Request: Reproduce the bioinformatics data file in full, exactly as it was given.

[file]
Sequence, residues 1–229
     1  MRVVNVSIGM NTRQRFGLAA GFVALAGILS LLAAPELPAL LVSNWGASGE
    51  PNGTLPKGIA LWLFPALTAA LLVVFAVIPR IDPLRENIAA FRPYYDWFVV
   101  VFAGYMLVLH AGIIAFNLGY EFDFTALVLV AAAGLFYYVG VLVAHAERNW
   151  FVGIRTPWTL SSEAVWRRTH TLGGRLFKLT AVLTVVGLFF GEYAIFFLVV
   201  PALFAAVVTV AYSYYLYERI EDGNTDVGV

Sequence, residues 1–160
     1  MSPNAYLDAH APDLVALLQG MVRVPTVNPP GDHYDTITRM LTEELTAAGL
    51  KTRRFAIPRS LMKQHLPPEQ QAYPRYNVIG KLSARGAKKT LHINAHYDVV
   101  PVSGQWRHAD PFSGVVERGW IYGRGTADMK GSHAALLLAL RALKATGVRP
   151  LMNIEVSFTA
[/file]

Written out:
Sequence, residues 1–229
     1  MRVVNVSIGM NTRQRFGLAA GFVALAGILS LLAAPELPAL LVSNWGASGE
    51  PNGTLPKGIA LWLFPALTAA LLVVFAVIPR IDPLRENIAA FRPYYDWFVV
   101  VFAGYMLVLH AGIIAFNLGY EFDFTALVLV AAAGLFYYVG VLVAHAERNW
   151  FVGIRTPWTL SSEAVWRRTH TLGGRLFKLT AVLTVVGLFF GEYAIFFLVV
   201  PALFAAVVTV AYSYYLYERI EDGNTDVGV

Sequence, residues 1–160
     1  MSPNAYLDAH APDLVALLQG MVRVPTVNPP GDHYDTITRM LTEELTAAGL
    51  KTRRFAIPRS LMKQHLPPEQ QAYPRYNVIG KLSARGAKKT LHINAHYDVV
   101  PVSGQWRHAD PFSGVVERGW IYGRGTADMK GSHAALLLAL RALKATGVRP
   151  LMNIEVSFTA